THE RULES OF DREAMING
The Rules of Dreaming
A novel of madness, music — and murder.
A beautiful opera singer hangs herself on the eve of her debut at the Met. Seven years later the opera she was rehearsing—Offenbach’s Tales of Hoffmann—begins to take over the lives of her two schizophrenic children, the doctors who treat them and everyone else who crosses their paths, until all are enmeshed in a world of deception and delusion, of madness and ultimately of evil and death. Onto this shadowy stage steps Nicole P., a graduate student who discovers that she too has been assigned a role in the drama. What strange destiny is being worked out in their lives?
Nicole was nimble and petite and very pretty. No, I take that back—“pretty” doesn’t come close to doing her justice. She was one of the most beautiful women I had ever seen, with cascading red hair and a bold, astonished look in her eyes that made her seem at once wild and angelic. But since my profession has liberated society from all of its taboos save one—that a psychiatrist shall not fall in love with his patient—all I could do was listen sympathetically as she pulled herself back together and prepared to return to her studies. I put her on appropriate medications and she began to make progress immediately.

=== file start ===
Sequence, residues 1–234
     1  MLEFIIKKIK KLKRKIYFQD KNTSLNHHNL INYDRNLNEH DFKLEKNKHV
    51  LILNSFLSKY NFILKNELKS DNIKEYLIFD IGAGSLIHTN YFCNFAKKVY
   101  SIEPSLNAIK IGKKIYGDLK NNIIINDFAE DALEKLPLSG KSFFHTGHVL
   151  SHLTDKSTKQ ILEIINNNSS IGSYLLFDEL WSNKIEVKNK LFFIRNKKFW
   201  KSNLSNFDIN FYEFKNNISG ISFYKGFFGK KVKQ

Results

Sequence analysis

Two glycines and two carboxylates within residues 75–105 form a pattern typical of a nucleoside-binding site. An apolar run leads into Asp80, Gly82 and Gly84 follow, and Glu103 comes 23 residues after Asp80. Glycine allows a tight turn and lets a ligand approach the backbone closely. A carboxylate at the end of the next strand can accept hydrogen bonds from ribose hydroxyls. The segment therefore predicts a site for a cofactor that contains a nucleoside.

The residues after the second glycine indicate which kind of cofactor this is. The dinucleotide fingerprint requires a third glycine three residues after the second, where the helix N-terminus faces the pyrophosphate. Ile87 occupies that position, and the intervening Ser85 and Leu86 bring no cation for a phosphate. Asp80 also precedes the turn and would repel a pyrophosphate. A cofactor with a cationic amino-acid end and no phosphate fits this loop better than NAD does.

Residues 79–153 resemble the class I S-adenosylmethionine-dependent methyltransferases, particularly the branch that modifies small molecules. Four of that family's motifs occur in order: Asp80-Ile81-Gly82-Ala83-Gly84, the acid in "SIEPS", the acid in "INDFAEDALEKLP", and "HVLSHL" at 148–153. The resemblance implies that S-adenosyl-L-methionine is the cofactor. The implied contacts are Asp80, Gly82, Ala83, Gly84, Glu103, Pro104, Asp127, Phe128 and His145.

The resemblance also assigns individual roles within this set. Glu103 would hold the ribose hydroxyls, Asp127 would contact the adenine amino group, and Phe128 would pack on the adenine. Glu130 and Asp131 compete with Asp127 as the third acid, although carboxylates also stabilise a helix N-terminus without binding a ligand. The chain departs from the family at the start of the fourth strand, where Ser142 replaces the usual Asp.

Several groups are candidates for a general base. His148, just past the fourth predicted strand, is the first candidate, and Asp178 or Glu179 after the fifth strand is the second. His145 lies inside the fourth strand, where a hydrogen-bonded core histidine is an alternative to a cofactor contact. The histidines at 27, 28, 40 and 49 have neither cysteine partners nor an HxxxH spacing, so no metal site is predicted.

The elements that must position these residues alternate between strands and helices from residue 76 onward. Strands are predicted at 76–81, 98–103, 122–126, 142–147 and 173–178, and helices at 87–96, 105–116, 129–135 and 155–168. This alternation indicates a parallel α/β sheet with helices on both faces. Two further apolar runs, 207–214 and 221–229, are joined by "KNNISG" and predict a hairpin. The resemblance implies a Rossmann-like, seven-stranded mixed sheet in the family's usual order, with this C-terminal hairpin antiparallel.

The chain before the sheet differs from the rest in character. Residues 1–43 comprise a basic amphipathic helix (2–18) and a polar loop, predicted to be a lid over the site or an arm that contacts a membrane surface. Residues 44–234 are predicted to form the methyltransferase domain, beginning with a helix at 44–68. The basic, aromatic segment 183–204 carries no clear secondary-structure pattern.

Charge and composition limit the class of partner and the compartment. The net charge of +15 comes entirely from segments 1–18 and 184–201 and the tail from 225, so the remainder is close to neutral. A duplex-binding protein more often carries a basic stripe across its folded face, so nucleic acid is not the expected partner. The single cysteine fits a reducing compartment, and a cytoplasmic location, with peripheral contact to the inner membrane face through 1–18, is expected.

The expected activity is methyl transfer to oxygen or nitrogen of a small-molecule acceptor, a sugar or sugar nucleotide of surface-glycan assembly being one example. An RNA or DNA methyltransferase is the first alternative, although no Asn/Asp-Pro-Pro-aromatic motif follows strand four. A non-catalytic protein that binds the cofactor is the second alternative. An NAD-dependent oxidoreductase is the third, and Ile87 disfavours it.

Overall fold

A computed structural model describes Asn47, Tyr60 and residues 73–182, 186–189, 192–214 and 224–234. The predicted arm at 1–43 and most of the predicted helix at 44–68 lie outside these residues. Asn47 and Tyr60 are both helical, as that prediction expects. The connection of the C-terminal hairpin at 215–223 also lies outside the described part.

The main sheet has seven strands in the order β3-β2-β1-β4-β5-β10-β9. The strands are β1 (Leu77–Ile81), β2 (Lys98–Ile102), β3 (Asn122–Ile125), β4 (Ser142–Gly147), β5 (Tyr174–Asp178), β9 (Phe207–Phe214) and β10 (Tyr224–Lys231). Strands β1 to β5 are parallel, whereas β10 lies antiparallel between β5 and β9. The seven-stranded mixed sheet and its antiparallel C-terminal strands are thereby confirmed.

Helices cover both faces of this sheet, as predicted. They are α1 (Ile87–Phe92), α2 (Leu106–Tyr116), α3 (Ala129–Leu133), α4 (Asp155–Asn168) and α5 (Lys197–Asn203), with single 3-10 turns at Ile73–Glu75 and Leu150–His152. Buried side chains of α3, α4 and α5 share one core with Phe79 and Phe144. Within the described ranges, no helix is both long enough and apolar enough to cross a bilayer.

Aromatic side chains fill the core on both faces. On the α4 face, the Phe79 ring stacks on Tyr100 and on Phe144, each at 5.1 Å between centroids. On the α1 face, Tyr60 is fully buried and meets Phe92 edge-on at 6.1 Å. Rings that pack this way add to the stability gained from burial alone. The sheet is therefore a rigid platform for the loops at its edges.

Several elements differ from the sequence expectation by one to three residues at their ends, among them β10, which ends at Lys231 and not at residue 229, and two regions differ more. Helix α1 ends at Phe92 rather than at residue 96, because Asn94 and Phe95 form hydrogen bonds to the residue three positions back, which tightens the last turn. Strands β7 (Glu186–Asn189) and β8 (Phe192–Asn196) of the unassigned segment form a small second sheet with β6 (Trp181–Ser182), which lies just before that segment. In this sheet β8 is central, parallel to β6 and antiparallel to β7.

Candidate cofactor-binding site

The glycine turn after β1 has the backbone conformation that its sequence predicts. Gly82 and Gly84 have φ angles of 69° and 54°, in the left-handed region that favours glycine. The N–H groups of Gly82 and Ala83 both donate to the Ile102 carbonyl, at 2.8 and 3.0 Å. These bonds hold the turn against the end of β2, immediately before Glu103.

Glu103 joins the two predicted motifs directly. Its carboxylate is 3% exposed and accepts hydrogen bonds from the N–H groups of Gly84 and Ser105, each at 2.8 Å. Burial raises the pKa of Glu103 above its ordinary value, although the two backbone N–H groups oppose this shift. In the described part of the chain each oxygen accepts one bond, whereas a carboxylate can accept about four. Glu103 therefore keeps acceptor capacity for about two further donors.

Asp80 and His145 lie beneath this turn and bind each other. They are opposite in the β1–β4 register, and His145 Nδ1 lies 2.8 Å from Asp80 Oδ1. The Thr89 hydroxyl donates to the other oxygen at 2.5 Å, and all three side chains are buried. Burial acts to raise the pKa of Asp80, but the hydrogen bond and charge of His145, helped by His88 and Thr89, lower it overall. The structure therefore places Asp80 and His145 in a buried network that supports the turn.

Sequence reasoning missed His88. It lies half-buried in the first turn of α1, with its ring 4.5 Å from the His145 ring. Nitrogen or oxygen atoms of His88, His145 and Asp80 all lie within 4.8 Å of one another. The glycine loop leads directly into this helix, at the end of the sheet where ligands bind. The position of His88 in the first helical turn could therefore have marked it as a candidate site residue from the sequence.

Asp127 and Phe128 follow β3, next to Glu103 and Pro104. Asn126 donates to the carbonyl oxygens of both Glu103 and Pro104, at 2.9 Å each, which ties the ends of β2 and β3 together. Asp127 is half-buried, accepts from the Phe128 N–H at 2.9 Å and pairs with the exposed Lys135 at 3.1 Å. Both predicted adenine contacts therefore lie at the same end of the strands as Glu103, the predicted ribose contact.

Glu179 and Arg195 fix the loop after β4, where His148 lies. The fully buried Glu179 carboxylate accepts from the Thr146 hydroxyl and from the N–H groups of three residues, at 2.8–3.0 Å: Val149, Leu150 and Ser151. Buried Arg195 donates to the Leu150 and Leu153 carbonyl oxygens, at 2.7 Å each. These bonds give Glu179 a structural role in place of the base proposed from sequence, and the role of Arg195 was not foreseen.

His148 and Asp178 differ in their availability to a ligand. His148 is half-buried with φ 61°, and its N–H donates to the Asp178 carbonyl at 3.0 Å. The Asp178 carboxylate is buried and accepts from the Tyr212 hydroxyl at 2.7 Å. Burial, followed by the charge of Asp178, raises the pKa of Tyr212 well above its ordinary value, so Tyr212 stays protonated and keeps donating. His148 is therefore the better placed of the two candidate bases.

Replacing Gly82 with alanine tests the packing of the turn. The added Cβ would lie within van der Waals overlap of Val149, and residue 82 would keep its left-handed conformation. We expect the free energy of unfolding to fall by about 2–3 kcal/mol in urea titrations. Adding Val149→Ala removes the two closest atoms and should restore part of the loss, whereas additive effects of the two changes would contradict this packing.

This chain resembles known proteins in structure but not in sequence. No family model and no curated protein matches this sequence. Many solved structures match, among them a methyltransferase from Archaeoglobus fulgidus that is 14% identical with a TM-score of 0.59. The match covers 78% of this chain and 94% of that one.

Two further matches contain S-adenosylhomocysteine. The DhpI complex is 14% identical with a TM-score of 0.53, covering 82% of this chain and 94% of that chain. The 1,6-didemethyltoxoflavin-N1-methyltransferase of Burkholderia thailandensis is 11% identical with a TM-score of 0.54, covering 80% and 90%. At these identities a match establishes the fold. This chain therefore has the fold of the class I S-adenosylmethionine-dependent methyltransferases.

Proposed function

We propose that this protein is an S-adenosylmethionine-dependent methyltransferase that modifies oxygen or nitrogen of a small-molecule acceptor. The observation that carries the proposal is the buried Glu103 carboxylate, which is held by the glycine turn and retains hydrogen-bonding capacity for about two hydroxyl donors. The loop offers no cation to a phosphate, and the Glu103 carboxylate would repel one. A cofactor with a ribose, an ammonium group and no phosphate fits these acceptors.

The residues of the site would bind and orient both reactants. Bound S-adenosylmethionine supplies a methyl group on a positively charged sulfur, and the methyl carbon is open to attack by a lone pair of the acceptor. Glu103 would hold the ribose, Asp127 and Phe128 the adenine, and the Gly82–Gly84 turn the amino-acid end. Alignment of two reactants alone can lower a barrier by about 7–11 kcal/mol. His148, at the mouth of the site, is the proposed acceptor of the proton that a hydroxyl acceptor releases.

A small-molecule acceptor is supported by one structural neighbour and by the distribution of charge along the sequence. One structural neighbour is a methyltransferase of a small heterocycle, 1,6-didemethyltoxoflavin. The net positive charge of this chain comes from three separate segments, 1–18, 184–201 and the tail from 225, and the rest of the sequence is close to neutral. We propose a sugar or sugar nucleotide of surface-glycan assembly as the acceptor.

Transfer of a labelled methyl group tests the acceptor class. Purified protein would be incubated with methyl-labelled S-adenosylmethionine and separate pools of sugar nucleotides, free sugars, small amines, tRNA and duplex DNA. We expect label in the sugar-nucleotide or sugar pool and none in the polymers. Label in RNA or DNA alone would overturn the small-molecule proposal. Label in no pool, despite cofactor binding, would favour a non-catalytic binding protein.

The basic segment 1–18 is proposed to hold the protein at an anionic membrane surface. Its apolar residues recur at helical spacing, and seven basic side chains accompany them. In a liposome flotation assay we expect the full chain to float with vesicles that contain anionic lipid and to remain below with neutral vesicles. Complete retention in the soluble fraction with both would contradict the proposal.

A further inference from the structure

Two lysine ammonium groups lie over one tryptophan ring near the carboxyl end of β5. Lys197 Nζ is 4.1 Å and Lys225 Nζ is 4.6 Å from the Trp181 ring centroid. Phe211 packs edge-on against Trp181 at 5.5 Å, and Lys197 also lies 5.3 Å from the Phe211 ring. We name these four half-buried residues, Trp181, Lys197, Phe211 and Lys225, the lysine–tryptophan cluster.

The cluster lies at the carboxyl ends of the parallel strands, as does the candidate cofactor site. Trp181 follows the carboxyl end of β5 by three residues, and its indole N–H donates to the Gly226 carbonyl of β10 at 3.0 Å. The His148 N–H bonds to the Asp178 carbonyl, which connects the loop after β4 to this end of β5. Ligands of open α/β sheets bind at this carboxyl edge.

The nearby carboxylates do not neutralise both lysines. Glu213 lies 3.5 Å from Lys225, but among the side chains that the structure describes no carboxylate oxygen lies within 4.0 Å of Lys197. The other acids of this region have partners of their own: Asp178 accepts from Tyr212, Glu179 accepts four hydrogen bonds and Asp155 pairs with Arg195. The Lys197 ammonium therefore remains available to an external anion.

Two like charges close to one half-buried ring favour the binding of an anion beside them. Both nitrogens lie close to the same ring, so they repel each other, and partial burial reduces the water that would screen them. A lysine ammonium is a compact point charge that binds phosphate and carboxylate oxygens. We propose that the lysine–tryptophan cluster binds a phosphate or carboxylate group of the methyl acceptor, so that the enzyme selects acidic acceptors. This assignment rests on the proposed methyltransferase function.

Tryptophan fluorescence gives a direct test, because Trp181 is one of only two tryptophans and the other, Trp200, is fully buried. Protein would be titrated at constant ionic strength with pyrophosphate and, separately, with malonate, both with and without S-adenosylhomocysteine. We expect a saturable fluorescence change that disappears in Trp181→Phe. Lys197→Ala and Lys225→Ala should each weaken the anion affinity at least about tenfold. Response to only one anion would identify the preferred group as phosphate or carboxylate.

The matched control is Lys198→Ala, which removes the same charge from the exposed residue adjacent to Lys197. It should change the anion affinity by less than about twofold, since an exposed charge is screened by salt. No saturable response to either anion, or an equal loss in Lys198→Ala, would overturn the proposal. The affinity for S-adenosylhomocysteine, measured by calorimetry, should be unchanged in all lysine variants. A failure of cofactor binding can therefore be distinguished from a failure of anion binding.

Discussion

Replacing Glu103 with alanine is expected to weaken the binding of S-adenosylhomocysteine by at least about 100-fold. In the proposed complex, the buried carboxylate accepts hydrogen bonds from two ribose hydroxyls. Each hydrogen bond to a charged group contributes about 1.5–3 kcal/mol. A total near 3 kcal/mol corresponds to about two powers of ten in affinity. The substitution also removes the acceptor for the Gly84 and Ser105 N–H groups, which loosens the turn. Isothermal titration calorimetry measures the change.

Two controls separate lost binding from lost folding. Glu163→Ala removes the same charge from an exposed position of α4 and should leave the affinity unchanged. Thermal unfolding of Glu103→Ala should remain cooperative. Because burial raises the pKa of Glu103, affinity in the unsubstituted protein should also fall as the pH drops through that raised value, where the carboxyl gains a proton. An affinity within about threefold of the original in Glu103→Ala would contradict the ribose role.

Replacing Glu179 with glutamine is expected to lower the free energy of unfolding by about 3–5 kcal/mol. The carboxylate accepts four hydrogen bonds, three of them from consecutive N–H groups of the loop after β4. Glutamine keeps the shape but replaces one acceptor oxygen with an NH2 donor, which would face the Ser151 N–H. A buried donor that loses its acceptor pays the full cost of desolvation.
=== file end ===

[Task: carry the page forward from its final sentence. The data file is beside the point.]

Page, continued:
As it happened, Nicole had been in the lounge when Hunter sat down to play the piano...
“Nicole,” I said, “did you hear Hunter playing the piano this afternoon?”
“Yes I did.” She stopped in the doorway, framed in the shadows that darkened the adjoining hall. “It was impressive, wasn’t it?”
“Impressive isn’t the word, when you realize that he’s never had a lesson or even touched a piano before.”
Her smile faded. “That’s uncanny.”
“Do you know what piece of music he was playing?”
“I think I’ve heard it before. One of the German Romantics, I think, maybe Schumann.”
She started through the door, but just before she disappeared into the shadows she turned back around and her eyes caught a sparkle of the afternoon light. “He went mad, you know.”
“Who went mad?”
“Robert Schumann. The composer. Died in an insane asylum.”
Bruce Hartman has been a bookseller, pianist, songwriter and attorney. He lives with his wife in Philadelphia. His previous novel, Perfectly Healthy Man Drops Dead, was published by Salvo Press in 2008.